the shades that even a 10 year old CRT can produce which are not visible on the print, are far more significant than the shades that might be visible on the print but not visible on the monitor
that might be true regarding your setup. Still: I think that your workflow and calibration is not accurate. Apparently your images contain too much differentiation in bright tonal values and too less in midtones. Otherwise you would see certain colours in the prints your monitor can't display.
Even sRGB is much too "big" in the brightest tonalvalues for every printer. But - again - it's far too small in the tonal range printers produce. See again your monitor compared to the Innova paper (on Epson 11880 with ultrachrome K3) which is actually not a very big printer gamut.
You are probably working with a too dark monitor and this is why you are probably shifting all the relevant data in too bright ranges. Specualtion.
Convert your images in the above mentioned color space "PhotogamutRGB". It will render the colors of your images in a tonal range that is reproducable in prints.
The color space is a bit dated as today there are printers with more differentiation especially in dark tonal values. But for your printer Photogamut should be fine as working space.
So your workflow could be like that:
- RAW (in ProPhoto... I don't mind)
- convert a copy of the TIF to PhotoagmutRGB with perceptual RI (Photogamut is tablebased)
- edit the image
- use perceptual RI for printing
- re-think this workflow when you are going to upgrade your printer and monitor

And forget about the "paper simulation" in the soft proof settings. Your display should be calibrated visually to paper white and if so the colour mangement has no reason to spin this white to the white of the paper. The blueish/grayish apperance of paper white in softproof mode has nothing to do with the color of "white" of the respective paper - this is just an error of the measurement devices in conjunction with papers that contain optical brighteners (if this is hopefully the correct term). But you should use "simulate black ink" (i.e. - a simluation of the print that is displayed relative colormetric on the monitor).

I think you have enough info now, no?





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Ray

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Rant 23
« Reply #128 on: October 09, 2009, 11:35:49 am »

Quote from: Jack Flesher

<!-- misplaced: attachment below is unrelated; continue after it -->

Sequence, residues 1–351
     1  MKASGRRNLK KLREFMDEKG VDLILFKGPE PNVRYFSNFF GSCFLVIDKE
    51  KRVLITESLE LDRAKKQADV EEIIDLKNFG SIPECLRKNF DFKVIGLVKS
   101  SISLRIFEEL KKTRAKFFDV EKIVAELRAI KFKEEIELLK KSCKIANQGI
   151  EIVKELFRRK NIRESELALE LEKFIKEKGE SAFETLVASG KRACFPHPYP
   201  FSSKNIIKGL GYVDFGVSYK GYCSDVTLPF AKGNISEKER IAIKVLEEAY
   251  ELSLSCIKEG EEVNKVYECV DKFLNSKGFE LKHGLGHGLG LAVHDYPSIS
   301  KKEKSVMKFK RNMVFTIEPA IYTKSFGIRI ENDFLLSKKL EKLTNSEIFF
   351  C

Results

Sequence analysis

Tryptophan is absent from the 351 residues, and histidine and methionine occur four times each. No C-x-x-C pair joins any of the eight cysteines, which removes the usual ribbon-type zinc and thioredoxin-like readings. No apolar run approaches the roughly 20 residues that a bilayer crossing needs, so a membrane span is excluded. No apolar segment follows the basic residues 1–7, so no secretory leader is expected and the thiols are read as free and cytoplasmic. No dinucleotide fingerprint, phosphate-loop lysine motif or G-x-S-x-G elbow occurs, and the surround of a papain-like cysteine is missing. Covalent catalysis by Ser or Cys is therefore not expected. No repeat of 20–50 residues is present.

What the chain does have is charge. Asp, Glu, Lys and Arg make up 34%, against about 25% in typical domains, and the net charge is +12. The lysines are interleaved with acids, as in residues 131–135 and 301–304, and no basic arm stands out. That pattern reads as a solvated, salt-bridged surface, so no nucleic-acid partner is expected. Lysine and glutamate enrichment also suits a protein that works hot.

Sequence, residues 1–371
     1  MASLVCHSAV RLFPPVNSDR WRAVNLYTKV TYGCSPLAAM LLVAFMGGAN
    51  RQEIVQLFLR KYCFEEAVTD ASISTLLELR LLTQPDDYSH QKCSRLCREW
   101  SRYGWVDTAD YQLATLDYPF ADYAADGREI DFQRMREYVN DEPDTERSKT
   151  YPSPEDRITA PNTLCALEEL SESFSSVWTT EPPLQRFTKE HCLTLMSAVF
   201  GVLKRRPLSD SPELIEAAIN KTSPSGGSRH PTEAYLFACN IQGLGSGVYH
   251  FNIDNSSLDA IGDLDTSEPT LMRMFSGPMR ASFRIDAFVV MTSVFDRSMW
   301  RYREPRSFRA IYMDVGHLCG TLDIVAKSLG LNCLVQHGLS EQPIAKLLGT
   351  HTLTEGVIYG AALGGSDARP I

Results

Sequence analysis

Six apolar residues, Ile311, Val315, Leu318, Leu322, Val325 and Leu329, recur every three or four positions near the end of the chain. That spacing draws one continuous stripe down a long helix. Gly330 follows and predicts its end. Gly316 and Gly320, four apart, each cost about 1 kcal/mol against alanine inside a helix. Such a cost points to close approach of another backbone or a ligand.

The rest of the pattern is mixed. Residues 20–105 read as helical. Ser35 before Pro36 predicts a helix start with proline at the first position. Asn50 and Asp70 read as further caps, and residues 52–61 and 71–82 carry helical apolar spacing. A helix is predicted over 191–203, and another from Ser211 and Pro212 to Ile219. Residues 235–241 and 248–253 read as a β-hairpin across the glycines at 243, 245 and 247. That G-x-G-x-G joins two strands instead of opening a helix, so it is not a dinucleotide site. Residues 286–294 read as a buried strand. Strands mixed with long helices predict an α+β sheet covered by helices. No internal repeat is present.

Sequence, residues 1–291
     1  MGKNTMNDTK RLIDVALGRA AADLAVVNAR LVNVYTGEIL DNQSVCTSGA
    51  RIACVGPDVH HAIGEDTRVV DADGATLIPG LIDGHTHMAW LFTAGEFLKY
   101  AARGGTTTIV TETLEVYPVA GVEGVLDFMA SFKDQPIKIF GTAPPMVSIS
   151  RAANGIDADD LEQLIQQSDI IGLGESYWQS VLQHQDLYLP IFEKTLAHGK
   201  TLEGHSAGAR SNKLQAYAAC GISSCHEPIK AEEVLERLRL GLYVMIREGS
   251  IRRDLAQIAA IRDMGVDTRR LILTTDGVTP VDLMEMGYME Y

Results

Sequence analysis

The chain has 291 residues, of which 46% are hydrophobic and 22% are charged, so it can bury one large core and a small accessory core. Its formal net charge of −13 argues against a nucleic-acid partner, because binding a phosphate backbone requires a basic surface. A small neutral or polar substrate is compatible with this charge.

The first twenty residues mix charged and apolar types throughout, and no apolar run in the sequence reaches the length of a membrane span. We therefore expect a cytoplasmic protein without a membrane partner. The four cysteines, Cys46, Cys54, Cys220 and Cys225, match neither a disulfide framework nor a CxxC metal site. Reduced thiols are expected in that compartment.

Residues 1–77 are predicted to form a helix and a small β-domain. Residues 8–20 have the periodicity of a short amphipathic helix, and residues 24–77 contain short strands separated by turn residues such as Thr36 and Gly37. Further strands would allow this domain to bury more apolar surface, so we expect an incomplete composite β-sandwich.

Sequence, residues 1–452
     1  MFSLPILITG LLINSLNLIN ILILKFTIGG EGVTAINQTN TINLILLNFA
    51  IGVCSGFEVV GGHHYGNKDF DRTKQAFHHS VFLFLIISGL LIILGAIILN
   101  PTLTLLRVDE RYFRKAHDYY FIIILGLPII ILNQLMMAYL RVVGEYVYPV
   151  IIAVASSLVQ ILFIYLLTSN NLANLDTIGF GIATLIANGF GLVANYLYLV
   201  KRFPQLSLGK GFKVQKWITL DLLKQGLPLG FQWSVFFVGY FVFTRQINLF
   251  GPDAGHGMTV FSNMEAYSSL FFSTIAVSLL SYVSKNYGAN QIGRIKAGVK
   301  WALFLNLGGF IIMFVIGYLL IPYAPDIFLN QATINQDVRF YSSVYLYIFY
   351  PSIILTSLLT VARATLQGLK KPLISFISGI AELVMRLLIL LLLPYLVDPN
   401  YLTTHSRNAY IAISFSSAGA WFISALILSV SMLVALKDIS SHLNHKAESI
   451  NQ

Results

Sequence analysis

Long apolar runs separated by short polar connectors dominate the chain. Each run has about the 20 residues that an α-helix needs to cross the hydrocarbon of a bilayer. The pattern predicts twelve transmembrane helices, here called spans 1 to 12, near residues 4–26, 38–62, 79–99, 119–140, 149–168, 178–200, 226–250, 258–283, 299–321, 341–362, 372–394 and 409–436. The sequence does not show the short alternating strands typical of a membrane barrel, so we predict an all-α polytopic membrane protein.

If you were to print that image on PPPLuster from an x800 or x900 printer, you would see grays down to 8 or 6, and could measure 4 and probably 2 with your spectro.  You would also see up to 253 or 254 on the high grays.

Not according to my softproof setup. Even Premium Glossy (Bill Atkinson profile) doesn't show darker grays. I went to the trouble of swapping black cartridges when I switched from Premium Lustre to Enhanced Matte a couple of years ago.

Quote
On another tack, given what you've stated about your satisfaction with your prints and monitor, you could probably take up a total sRGB jpeg workflow from capture to output and not lose much of anything at all to a 16-bit raw workflow; your needs simply don't require a larger gamut.   Huge workflow convenience advantage for you as it would eliminate the entire raw conversion process.  Heck, I'm actually a little jealous of that!

Not quite   . I like those golden yellows. The stronger yellows of ProPhoto RGB have been apparent to me for a few years now. Did I also mention the lack of differentiation, in the sRGB print of your test image, of two shades of green which were clearly apparent in the ProPhoto print and clearly apparent on my monitor in both soft proof mode and out of soft proof mode?
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Ray

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Rant 23
« Reply #129 on: October 09, 2009, 11:48:58 am »

Quote from: Schewe
By all means, if you update from a 7600 to a 7900 (the 7600 being a full THREE generations old) you would do well to look at updating your image display. The fact is that the 7600 is way old tech whose gamut of color did not stress a modern LCD let alone a "good" LCD with Adobe RGB color gamut. The 7900 color gamut can NOT be contained in Adobe RGB (let alone sRGB).

But, if your images are in Adobe or sRGB, you might want to question the upgrade to the 7900. Cause small gamuts of a working space won't really push these new printers...in fact, it would be a waste, seriously...

Jeff,
I've been using ProPhoto RGB for several years now. I was persuaded by the argument, 'even if one can't see any difference now, one probably would some time in the future'. On my 7600 it's the strength of the yellows that became apparent soon after I bought the machine.